Facilitating support and treatment plans for every client: Working as a licensed day rehab specialist at Community Alliance
“No two days are the same, and I appreciate that. I didn’t want something that was the same every day. I wanted something that could change and offer variety in a job,” said Montana Cottle, PLMHP, about her role as a provisionally licensed Day Rehabilitation Specialist at Community Alliance.
Montana has the unique experience to use her provisional license and her educational background and skills to provide mental health supports for clients while also continuing to work toward achieving full licensure. Her work consists of a wide variety of tasks as she facilitates groups, meets with clients one-on-one, develops and updates treatment plans, provides structured programming, and offers clients new tools to use outside of Community Alliance programs.
She is also responsible for leading a team of other Community Alliance Rehabilitation Specialists to initiate and maintain positive engagement and keep open lines of communication with individuals served in the program. As a provisionally licensed Day Rehab Specialist, Montana is also charged with completing comprehensive assessments for individuals wanting to enroll in Community Alliance’s Day Rehabilitation program. “Comprehensive assessments take a biopsychosocial approach. It’s looking at a lot of different things, from a person’s social history, their family history, legal history and physical health history, as well as their mental health history,” said Montana. “If they’ve had previous diagnoses or hospitalizations, it’s getting a snapshot of what their life looks like.” Montana collaborates with a licensed independent mental health practitioner (LIMHP) as needed as this is one part of the training and clinical supervision provided by Community Alliance to individuals who are provisionally licensed and are working toward their full licensure.
“Everyone who is enrolled in our day rehabilitation program, has a severe and persistent mental illness and often times the symptoms impact their daily functioning. The comprehensive assessment helps us to get to know them better and what their strengths and needs are coming into the program.”
What Drew Montana to Community Alliance
“All I knew is that I wanted to help people. I wanted to serve them. I wanted to provide them with the resources and the second chances they deserved in order to actually live their life and not just survive through life. I feel like living and surviving are very different things. Early on in my educational career, I was deciding between studying law or pursuing a counseling degree. When I met with someone who was already in the professional field, she mentioned that what I was describing sounded more like social work,” explained Montana as she spoke about her choice to pursue her passion.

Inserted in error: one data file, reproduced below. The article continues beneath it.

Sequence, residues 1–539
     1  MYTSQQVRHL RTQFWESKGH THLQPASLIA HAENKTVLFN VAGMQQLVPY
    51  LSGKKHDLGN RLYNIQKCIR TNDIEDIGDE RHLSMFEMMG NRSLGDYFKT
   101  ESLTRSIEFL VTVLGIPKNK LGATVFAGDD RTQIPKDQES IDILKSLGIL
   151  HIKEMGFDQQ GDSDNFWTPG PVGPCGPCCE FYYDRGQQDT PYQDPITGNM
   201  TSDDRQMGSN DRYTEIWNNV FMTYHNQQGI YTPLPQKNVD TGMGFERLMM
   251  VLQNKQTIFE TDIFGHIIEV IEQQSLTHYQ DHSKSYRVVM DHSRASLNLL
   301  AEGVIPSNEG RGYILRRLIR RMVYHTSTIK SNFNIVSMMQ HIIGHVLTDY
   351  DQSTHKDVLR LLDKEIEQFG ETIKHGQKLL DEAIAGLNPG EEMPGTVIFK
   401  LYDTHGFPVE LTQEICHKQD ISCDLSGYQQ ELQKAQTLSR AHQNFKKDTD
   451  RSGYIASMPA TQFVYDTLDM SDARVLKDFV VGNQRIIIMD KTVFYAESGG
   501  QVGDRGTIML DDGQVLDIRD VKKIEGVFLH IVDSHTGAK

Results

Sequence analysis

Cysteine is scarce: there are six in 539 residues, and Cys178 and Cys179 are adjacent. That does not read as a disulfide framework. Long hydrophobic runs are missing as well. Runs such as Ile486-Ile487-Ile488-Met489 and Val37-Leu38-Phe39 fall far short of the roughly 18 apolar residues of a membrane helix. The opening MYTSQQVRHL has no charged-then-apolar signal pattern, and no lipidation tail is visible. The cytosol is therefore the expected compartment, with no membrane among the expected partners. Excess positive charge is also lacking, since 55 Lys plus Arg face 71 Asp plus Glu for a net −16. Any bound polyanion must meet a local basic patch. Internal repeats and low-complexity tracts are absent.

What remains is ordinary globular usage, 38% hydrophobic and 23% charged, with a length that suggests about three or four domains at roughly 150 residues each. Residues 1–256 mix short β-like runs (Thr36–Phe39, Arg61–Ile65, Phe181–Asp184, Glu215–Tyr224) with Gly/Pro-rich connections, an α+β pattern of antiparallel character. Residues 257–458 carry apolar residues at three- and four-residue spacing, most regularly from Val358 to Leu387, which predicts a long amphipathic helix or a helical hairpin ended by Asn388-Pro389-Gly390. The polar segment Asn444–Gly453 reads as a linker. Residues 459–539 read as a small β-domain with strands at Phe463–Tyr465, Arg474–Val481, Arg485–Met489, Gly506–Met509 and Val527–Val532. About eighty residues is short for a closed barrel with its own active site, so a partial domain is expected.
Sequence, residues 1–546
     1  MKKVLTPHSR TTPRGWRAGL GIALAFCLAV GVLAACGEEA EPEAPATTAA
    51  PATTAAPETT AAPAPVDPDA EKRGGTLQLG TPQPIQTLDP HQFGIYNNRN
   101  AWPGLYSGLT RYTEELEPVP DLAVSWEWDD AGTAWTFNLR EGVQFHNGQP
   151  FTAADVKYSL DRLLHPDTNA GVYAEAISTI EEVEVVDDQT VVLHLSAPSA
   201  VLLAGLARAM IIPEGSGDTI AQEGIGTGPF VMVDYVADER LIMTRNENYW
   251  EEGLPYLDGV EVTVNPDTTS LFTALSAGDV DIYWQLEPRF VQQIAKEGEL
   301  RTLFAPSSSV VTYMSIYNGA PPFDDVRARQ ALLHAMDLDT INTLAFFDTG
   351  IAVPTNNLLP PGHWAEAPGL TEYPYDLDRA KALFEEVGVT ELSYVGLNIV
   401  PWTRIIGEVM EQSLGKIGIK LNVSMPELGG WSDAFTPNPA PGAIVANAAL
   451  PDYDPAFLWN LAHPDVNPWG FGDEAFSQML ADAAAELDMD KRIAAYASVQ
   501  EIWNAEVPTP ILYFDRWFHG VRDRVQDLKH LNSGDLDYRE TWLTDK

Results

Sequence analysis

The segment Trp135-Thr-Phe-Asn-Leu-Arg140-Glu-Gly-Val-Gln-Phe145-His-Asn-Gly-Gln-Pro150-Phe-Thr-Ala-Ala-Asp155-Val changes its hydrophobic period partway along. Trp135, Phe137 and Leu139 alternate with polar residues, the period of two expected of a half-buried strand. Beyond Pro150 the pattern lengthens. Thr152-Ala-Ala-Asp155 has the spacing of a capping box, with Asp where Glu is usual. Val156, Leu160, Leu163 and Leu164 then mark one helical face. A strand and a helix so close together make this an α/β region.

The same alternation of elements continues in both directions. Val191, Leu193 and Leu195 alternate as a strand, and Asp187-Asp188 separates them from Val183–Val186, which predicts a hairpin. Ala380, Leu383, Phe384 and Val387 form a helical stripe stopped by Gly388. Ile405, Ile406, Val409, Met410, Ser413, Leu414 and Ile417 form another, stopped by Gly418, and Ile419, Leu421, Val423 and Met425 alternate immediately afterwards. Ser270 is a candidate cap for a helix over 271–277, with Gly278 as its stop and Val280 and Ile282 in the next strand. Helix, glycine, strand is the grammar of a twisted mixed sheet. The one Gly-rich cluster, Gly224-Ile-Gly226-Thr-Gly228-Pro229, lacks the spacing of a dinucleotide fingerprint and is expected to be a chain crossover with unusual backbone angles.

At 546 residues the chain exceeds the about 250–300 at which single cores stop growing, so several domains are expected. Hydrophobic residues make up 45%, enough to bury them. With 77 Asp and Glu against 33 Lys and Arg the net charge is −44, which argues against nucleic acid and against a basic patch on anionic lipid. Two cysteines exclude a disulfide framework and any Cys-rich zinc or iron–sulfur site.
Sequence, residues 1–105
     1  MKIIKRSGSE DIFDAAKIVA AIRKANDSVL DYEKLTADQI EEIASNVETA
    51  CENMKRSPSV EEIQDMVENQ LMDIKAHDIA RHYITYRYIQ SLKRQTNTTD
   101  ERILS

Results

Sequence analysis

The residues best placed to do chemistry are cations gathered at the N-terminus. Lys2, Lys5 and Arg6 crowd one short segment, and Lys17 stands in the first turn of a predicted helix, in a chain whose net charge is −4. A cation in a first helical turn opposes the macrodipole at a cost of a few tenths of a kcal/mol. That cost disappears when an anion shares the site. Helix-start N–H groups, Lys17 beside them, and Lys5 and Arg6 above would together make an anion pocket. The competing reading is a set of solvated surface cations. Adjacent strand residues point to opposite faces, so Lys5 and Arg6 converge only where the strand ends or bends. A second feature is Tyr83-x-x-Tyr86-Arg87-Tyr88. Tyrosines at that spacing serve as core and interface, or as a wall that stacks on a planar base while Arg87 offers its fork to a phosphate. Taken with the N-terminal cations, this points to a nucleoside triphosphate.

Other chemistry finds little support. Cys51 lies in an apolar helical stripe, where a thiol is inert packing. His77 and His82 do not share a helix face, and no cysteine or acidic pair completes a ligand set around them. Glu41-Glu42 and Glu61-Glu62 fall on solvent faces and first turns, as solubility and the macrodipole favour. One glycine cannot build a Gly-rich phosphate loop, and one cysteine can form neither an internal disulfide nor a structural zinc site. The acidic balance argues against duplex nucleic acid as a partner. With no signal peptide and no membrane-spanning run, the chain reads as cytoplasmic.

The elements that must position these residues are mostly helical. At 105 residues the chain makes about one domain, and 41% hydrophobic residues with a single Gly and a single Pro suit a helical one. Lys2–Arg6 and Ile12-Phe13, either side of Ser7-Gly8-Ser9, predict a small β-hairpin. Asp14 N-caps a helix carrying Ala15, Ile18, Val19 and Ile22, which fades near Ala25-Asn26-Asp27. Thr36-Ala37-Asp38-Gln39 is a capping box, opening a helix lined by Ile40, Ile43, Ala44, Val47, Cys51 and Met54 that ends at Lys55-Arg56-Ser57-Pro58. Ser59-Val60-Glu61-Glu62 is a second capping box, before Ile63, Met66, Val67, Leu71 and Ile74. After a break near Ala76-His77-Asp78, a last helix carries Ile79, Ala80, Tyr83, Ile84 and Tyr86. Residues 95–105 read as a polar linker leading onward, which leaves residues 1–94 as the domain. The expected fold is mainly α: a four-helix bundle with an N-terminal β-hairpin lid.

Her goal was, and continues to be, to help people live the best lives they can with the resources that are available to them, sometimes resources they don’t even realize are out there. This goal is similar to many of the passionate employees working at Community Alliance and aligns with Community Alliance’s overall mission and values. Having these shared values, goals, and passions makes it possible for employees like Montana to do such demanding work every day.
“We eat lunch together and we are constantly sharing stories. Yes, we’re here to work, but we’ve also created something deeper. We’re not just coworkers. We are doing the things that we need to get done while learning more about each other. We have each other’s backs and we’re able to lean on each other, which is really important,” Montana shared about her Community Alliance co-workers.
What keeps Montana dedicated to pursuing her career at Community Alliance? “I would say my coworkers are probably number one. If I didn’t have that support from them, I don’t think I would be able to handle the workload. I get to bounce so many ideas off of them, and that’s important to me.” She added, “I would say the second thing is the clients. I have been able to form deeper relationships with the clients, which is one of the main reasons I chose social work.”
Pursuing a career in social work isn’t for everyone, but for Montana, it is her calling. She stepped away from studying law to instead follow her heart. And so far, as a Licensed Day Rehabilitation Specialist at Community Alliance, it has made all the difference.
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